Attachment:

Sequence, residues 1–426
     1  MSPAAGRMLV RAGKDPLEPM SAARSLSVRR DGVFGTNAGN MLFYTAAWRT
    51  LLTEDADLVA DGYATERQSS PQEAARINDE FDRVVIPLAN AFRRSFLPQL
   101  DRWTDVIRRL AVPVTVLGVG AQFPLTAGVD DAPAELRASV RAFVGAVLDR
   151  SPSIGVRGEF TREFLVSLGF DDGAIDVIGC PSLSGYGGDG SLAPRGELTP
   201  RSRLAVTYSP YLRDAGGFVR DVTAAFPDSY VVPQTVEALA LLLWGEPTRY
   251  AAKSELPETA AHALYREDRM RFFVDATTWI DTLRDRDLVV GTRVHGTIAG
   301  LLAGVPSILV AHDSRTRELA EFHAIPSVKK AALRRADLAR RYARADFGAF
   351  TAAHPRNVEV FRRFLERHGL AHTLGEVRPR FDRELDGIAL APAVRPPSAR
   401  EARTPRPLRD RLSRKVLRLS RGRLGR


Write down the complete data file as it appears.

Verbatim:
Sequence, residues 1–426
     1  MSPAAGRMLV RAGKDPLEPM SAARSLSVRR DGVFGTNAGN MLFYTAAWRT
    51  LLTEDADLVA DGYATERQSS PQEAARINDE FDRVVIPLAN AFRRSFLPQL
   101  DRWTDVIRRL AVPVTVLGVG AQFPLTAGVD DAPAELRASV RAFVGAVLDR
   151  SPSIGVRGEF TREFLVSLGF DDGAIDVIGC PSLSGYGGDG SLAPRGELTP
   201  RSRLAVTYSP YLRDAGGFVR DVTAAFPDSY VVPQTVEALA LLLWGEPTRY
   251  AAKSELPETA AHALYREDRM RFFVDATTWI DTLRDRDLVV GTRVHGTIAG
   301  LLAGVPSILV AHDSRTRELA EFHAIPSVKK AALRRADLAR RYARADFGAF
   351  TAAHPRNVEV FRRFLERHGL AHTLGEVRPR FDRELDGIAL APAVRPPSAR
   401  EARTPRPLRD RLSRKVLRLS RGRLGR